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Farmers to receive up to $12 billion to ease pain from Trump’s trade war 

click to enlarge Inlander file photo from the Palouse, 2013. - YOUNG KWAK
  • Young Kwak
  • Inlander file photo from the Palouse, 2013.
By Julie Hirschfeld Davis and Ana Swanson
© 2018 New York Times News Service

WASHINGTON — The Trump administration Tuesday plans to announce up to $12 billion in emergency relief for farmers hurt by the president’s trade war, according to two people familiar with the plans, in an effort to insulate food producers from looming financial losses that would be a direct result of President Donald Trump’s policies.

The aid to farmers, to be announced by the U.S. Department of Agriculture, would come through a direct assistance program, one designed to help with food purchase and distribution and specifically geared toward promoting trade, according to one of the people. Both spoke on condition of anonymity because they were not authorized to pre-empt a planned announcement later Tuesday.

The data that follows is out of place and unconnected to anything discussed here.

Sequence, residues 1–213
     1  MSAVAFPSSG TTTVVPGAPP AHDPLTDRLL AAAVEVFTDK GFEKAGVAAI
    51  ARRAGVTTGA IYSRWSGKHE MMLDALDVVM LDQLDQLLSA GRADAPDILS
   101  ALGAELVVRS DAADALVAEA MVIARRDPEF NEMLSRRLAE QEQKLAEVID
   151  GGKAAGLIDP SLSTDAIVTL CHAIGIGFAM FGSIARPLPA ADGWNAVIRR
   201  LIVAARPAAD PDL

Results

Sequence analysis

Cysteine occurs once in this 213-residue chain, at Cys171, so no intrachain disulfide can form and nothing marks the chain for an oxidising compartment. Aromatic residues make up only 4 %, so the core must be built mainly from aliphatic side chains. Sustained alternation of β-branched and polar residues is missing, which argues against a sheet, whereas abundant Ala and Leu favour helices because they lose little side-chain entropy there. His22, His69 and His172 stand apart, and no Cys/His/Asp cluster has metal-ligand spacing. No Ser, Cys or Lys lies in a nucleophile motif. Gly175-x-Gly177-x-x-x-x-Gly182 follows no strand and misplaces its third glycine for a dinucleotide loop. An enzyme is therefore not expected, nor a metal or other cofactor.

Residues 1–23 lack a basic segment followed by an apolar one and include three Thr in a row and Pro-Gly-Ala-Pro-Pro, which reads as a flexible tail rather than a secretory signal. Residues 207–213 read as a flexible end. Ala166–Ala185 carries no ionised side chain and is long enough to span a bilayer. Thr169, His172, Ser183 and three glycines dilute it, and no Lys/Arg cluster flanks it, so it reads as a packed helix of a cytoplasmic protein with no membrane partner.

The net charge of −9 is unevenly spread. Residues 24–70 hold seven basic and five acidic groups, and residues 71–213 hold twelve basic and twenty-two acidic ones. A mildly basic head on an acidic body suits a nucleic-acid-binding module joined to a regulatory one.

The move is an indication that Trump plans to plow forward in escalating his tariff tit-for-tat around the world. The approach could cost U.S. producers billions of dollars.

“Tariffs are the greatest!” Trump declared on Twitter Tuesday morning. “Either a country which has treated the United States unfairly on Trade negotiates a fair deal, or it gets hit with Tariffs. It’s as simple as that — and everybody’s talking! Remember, we are the “piggy bank” that’s being robbed. All will be Great!”

The European Union, Canada, Mexico, China and other countries have responded to Trump’s tariffs on steel, aluminum and $34 billion worth of Chinese products by imposing taxes of their own.

U.S. soybeans, pork, sugar, orange juice, cherries and other products now face tariffs in foreign markets that make their products less desirable.

Trump and his advisers have argued that while U.S. producers may feel short-term pain from his protectionist stance, ultimately they will benefit from it as other countries lower their barriers to U.S. products.

The plan met with swift condemnation from Republicans and trade groups, who said that Trump had devised an expensive and clunky solution to a crisis of Depression-era proportions.

“This trade war is cutting the legs out from under farmers and White House’s ‘plan’ is to spend $12 billion on gold crutches,” said Sen. Ben Sasse, R-Neb. “This administration’s tariffs and bailouts aren’t going to make America great again, they’re just going to make it 1929 again.”
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